Logline: Travis Bickle, a lonely Vietnam vet, is a mentally unstable taxi driver wanting to clean up the streets of New York.
Taxi Driver reeks of loneliness. When the protagonist, Travis Bickell, is being interviewed for the cab driver job, the personnel officer immediately points out that “we don’t need any misfits around here, son,” so right off, we know that Travis is probably a misfit. Another indication that he lacks communication skills is the fact that he doesn’t have a phone. The inciting incident happens when Travis goes to the porn theater and starts talking to the girl at the counter like he wants to date her. This is where it is confirmed for the first time that Travis is a serious loner, a reject with little social skills. The amount of time he spends at the porn theater could be used reading self help books.
The antagonist is Travis’s own self worth. Travis wants to be a person, but a few times he said that he wasn’t even a person. He is a pitiful character that makes the reader feel sorry for him. He stands in his own way of getting what he wants, because he thinks that being a person requires being accepted by society. Travis also wants a woman, particularly Betsy, but his social skills are horrible. What Travis needs is to learn acceptable social skills and acceptance by society.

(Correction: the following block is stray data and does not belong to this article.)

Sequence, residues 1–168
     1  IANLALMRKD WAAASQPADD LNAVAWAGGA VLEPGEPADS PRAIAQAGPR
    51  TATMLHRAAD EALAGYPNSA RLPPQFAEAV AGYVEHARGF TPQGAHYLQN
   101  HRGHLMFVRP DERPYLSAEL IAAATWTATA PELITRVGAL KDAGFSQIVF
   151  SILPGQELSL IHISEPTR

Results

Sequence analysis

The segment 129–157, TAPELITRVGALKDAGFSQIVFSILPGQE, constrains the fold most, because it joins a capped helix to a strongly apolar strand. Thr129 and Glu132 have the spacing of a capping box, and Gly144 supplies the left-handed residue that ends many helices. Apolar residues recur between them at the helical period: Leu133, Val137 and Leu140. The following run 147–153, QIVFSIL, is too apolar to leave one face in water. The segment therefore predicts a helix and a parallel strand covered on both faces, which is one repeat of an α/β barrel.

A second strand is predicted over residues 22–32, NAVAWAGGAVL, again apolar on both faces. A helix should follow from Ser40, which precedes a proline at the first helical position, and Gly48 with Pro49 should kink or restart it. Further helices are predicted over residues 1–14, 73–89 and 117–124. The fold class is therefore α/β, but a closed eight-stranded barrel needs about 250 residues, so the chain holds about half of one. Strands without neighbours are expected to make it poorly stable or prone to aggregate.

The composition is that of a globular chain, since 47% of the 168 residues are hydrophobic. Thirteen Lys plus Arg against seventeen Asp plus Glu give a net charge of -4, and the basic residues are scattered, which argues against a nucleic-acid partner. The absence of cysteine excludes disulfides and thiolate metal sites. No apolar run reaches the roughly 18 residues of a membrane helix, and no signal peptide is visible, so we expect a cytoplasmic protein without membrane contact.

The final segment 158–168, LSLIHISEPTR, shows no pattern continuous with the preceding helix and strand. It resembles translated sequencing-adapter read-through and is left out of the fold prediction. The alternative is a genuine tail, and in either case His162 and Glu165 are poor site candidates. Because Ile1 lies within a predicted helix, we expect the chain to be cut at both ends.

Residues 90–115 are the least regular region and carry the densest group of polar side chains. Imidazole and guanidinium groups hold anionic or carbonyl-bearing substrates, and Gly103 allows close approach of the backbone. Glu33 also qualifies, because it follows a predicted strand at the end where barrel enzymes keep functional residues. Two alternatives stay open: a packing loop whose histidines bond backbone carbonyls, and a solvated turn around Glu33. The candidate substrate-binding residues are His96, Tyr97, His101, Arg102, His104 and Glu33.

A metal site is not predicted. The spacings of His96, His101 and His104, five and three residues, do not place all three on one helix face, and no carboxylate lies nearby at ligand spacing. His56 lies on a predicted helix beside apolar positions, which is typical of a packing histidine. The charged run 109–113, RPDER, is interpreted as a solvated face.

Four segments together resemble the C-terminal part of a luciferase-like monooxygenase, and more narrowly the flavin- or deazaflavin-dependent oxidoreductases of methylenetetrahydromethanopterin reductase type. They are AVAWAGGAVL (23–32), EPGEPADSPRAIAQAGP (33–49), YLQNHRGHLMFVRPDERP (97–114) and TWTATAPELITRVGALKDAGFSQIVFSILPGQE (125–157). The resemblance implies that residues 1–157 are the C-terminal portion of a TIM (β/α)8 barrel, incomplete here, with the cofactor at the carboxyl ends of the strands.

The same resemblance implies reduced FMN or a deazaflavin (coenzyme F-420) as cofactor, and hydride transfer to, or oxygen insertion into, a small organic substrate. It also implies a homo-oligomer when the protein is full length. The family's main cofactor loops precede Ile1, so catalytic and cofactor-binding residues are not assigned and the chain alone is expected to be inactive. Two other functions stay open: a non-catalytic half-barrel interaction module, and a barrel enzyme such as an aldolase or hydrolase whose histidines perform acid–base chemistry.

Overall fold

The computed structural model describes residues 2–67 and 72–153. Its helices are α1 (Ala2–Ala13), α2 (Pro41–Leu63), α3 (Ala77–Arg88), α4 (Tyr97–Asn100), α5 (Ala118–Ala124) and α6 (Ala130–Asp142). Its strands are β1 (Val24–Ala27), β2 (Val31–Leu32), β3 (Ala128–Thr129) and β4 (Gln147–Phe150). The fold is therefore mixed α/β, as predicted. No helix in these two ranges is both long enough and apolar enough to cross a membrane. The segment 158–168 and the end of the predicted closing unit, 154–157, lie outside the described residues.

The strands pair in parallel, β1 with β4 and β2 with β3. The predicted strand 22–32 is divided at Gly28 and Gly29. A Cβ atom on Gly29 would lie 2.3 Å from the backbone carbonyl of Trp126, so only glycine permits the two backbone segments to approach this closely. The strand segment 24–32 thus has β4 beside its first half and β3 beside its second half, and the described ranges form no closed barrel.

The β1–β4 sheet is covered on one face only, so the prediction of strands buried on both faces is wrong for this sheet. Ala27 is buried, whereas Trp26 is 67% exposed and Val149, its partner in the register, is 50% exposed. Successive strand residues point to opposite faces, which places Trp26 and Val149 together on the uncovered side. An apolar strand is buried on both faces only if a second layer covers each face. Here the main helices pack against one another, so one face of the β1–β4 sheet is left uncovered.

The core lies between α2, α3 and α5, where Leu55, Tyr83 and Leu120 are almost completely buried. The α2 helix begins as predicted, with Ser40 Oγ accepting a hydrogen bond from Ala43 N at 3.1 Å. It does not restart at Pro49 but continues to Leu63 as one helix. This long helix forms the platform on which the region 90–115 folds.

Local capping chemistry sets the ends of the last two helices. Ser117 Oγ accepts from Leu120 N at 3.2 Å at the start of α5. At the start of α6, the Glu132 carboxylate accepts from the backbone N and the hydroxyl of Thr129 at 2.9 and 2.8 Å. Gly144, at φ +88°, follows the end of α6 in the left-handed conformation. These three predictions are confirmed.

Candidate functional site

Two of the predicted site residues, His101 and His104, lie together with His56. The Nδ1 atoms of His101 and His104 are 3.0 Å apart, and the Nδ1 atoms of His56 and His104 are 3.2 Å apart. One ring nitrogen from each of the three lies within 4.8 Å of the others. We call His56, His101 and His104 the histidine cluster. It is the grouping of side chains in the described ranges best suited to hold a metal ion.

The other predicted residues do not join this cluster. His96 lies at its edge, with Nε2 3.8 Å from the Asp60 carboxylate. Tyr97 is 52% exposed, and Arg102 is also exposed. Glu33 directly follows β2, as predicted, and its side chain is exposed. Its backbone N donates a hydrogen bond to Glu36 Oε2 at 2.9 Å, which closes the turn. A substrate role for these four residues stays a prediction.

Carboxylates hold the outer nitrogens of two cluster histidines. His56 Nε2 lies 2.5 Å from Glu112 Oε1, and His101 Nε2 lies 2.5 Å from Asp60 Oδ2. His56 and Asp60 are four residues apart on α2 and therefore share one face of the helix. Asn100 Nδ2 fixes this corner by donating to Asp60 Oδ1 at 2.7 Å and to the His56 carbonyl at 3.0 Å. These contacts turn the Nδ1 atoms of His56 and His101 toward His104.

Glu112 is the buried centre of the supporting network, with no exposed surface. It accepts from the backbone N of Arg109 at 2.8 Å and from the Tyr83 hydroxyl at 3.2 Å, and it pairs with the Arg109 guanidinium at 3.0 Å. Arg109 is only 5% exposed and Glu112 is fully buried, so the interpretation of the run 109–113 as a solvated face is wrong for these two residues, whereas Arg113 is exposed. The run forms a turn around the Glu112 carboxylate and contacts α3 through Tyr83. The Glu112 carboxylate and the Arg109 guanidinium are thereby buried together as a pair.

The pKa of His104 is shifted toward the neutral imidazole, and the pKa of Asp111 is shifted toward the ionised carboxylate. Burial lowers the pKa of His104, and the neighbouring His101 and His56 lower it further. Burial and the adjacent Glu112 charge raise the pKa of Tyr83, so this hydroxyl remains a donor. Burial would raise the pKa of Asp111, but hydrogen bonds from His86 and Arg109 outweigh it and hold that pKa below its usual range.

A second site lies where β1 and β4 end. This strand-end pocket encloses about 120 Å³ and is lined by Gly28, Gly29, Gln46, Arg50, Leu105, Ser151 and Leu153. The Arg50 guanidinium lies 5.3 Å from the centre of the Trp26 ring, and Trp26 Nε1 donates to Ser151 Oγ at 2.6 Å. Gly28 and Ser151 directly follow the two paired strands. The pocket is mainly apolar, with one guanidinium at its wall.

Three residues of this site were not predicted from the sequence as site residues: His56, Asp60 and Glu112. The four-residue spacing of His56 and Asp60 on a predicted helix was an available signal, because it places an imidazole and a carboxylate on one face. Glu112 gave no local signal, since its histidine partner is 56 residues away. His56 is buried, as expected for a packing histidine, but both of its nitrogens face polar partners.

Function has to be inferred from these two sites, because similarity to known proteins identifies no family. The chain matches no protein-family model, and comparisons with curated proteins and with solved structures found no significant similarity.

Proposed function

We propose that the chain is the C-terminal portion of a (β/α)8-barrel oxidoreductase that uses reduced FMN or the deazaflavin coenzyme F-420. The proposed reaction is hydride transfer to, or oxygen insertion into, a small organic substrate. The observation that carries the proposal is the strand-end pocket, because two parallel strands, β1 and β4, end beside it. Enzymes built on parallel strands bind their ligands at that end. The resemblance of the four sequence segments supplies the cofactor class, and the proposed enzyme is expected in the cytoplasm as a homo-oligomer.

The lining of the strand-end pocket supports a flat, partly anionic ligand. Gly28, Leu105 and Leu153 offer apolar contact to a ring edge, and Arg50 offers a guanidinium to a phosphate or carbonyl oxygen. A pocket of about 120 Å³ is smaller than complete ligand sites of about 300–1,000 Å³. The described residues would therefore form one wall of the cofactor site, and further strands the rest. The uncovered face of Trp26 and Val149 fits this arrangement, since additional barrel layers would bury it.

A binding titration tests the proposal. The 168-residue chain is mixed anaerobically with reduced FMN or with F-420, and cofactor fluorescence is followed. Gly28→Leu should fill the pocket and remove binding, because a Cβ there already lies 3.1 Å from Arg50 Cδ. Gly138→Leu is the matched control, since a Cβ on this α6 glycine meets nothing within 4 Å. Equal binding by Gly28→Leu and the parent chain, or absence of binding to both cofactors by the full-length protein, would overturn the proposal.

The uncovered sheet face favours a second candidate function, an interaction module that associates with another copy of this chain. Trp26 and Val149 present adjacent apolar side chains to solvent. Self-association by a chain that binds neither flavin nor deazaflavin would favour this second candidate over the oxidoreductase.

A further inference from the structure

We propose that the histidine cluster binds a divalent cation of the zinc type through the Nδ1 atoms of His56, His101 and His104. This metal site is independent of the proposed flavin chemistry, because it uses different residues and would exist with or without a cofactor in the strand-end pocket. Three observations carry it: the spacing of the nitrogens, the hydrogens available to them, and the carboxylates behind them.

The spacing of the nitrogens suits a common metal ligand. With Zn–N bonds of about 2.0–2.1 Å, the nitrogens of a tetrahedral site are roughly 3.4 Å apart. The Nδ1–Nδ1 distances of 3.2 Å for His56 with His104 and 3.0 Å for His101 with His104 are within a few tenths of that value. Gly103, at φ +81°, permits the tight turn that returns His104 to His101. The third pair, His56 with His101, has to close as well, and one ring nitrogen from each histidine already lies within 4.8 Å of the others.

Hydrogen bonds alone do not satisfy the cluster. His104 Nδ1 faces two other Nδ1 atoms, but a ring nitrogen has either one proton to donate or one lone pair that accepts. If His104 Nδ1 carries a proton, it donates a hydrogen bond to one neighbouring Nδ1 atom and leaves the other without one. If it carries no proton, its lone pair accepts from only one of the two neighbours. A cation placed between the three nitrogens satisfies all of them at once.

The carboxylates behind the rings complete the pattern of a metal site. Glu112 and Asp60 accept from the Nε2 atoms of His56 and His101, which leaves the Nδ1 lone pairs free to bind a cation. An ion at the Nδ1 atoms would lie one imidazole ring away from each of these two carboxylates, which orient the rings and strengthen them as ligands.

On their first date, Betsy tells Travis about a song by Kris Kristofferson that is about a walking contradiction. That’s exactly what Travis is. He views everything in the city as trash, yet his own apartment is littered with garbage, dirt, old furniture, and porn. Throughout the script, he talks about cleaning up the trash, the scum, the filth, yet he has created it in his own living space. Everything that he despises is exactly the way he lives.